Thursday, September 1, 2016

Chickamauga & Chattanooga National Military Park

Most people with a basic knowledge of the Civil War are most familiar with the eastern theater -- famous battles like Gettysburg, Antietam, and Bull Run.  The western theater by contrast is much less well known, except for the fall of Vicksburg, along the Mississippi River.  Just as in our history books, during the war itself, the South also placed much less emphasis on the western theater than the eastern theater, in terms of the generals, units, and resources they sent there.  And, perhaps, that ultimately led to their final undoing in the months following the devastating defeats at Gettysburg and Vicksburg in July of 1863.

In September of 1863, always afraid his army was out-manned and out-gunned, Confederate General Braxton Bragg began retreating through Tennessee.  After stopping briefly in Chattanooga, only to be out-flanked by the larger Union army, Bragg begins retreating again into northern Georgia.  Union General William Rosecrans believes that Bragg would continue to retreat and spreads his army to maneuver Bragg's army by force.  Instead, for the first time in 6 months, Bragg finally decides to make a stand around Chickamauga Creek.

This time Rosecrans gets spooked and makes plans to pull his army back north to the safety of Chattanooga by conducting a series of leapfrog maneuvers with different parts alternately defending against the Confederates and then maneuvering north.  In the confusion of the battle, Rosecrans believes his left flank needs reinforcement against Confederate strikes and mistakenly moves part of his army from the middle to reinforce his flank.  That opens up a hole in the middle of his line right at the time the Confederates charge that part of the line.  Seeing their good fortune, the Confederates charge through the gaping hole near the Brotherton farm cabin, abandoned the day before when the Union troops arrived.

The Brotherton Cabin.  Confederate troops exploited the inadvertent gap in the Union line flanking Union troops from left to right in this picture.
Despite repeated Confederate assaults along the Union line, the Union army tenaciously holds on, refusing to cede control of the field.  As darkness falls, however, the Union troops withdraw back to Chattanooga.  There, just a few miles up the road, the story continues...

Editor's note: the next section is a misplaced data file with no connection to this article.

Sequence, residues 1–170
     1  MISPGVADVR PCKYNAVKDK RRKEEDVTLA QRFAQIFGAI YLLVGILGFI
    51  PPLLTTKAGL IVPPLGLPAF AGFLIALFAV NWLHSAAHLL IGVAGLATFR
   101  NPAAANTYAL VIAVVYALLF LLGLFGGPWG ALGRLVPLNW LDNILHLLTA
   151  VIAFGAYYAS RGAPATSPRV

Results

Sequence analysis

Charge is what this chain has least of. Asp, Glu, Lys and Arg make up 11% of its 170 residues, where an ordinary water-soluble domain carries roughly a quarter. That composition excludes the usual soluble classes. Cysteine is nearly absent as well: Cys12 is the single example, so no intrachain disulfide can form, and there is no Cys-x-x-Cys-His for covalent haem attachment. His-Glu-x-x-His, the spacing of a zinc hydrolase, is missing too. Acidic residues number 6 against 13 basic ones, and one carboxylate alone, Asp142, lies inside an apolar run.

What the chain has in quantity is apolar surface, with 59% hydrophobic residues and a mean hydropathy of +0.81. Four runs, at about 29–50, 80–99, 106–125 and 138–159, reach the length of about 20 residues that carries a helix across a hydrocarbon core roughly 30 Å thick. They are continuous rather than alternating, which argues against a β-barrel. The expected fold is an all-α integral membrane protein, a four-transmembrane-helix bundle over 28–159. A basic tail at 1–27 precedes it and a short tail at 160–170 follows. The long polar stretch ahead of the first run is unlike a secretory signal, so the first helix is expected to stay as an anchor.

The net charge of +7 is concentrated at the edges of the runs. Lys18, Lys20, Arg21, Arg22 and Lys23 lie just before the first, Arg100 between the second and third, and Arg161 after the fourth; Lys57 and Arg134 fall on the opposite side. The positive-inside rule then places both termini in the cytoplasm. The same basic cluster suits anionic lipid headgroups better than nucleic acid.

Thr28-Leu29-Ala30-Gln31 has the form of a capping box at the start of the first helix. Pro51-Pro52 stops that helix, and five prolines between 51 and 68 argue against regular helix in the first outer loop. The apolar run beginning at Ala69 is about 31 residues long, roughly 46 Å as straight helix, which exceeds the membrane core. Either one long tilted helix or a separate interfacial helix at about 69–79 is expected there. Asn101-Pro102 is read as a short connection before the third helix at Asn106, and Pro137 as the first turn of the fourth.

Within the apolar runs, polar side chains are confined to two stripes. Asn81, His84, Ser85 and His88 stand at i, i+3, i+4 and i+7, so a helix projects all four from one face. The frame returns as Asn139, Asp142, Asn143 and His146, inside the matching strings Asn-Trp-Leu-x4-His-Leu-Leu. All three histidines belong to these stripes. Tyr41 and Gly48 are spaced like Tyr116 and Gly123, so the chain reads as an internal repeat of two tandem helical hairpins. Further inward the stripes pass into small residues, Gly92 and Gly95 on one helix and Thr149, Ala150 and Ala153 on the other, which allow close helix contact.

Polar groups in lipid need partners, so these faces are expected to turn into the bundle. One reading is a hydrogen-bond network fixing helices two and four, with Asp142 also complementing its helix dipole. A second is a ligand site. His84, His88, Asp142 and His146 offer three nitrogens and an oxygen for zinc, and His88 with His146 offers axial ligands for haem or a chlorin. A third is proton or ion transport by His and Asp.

The Union army dug in at Chattanooga.  This time, the Confederates have the advantage, setting up a siege line around the city, anchored at the Tennessee River on both sides of the city with strong positions on Lookout Mountain and east onto Missionary Ridge.  Angry at the embarrassing loss at Chickamauga and the choking siege in Chattanooga, Lincoln fires Rosecrans and brings Grant east to take control.

Grant made quick work.  He broke the Confederate line at the Tennessee River on the west side by silently crossing the Tennessee at night, right under the noses of the sleepy Confederate pickets guarding it, and opening a supply line to the west.  Right on the heels of that, he orders Gen Sherman to attack the Confederate right flank with Gen Thomas and Gen Hooker making a noisy demonstration on the Confederate center and left.  Gen Hooker finds that Lookout Mountain has been abandoned and continues charging up the ridge as the Confederates retreat up and over Missionary Ridge just to the east, reinforcing to counter Sherman's attack on their right.  Sherman attacks piecemeal, squandering his advantage, and the Confederates hold off the assault at Missionary Ridge, but Gen Bragg once again gets cold feet and once again retreats back down through Georgia, leaving the high ground and the vital Tennessee River and railways to the Union army.

The battlefield on Lookout Mountain bears little resemblance today to how it must have looked in late 1863.  Rather it affords a spectacular view of the Confederate position as they besieged the Union army down in the city. 

Chattanooga and the Tennessee River from the Edge of Lookout Mountain
While taking in the view, imagine being a Confederate on the line here with the commanding view over the Union army holed up down below.  Imagine cannon behind you, ready to fire at the first massed movement, slowly choking out the Union army.  Then turn east and south, imagining giving up this perfect position because the General feared being overrun and began retreating back to where you had just whupped some Union bootie, leaving your army nothing to show for it.  Thus, Chattanooga was really another defining moment.  By this point in the war, the Confederates were truly whipped in the west and on their heels fighting a defensive war in the east.  It was only a matter of time...

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